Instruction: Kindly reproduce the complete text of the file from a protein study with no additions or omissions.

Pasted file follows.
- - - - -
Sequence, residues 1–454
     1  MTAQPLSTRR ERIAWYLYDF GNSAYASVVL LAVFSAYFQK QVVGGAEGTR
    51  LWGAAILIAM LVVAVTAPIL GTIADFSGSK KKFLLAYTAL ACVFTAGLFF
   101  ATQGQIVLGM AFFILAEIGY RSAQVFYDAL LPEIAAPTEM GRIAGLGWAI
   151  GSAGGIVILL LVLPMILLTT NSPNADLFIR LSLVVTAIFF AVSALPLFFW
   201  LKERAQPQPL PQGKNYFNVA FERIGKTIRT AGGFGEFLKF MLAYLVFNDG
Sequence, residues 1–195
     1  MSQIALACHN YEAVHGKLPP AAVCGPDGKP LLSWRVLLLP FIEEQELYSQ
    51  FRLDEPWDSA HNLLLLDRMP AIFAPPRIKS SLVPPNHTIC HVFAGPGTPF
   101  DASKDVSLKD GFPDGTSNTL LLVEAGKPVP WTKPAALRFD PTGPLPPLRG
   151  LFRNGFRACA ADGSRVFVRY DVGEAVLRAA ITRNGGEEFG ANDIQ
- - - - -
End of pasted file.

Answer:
Sequence, residues 1–454
     1  MTAQPLSTRR ERIAWYLYDF GNSAYASVVL LAVFSAYFQK QVVGGAEGTR
    51  LWGAAILIAM LVVAVTAPIL GTIADFSGSK KKFLLAYTAL ACVFTAGLFF
   101  ATQGQIVLGM AFFILAEIGY RSAQVFYDAL LPEIAAPTEM GRIAGLGWAI
   151  GSAGGIVILL LVLPMILLTT NSPNADLFIR LSLVVTAIFF AVSALPLFFW
   201  LKERAQPQPL PQGKNYFNVA FERIGKTIRT AGGFGEFLKF MLAYLVFNDG
Sequence, residues 1–195
     1  MSQIALACHN YEAVHGKLPP AAVCGPDGKP LLSWRVLLLP FIEEQELYSQ
    51  FRLDEPWDSA HNLLLLDRMP AIFAPPRIKS SLVPPNHTIC HVFAGPGTPF
   101  DASKDVSLKD GFPDGTSNTL LLVEAGKPVP WTKPAALRFD PTGPLPPLRG
   151  LFRNGFRACA ADGSRVFVRY DVGEAVLRAA ITRNGGEEFG ANDIQ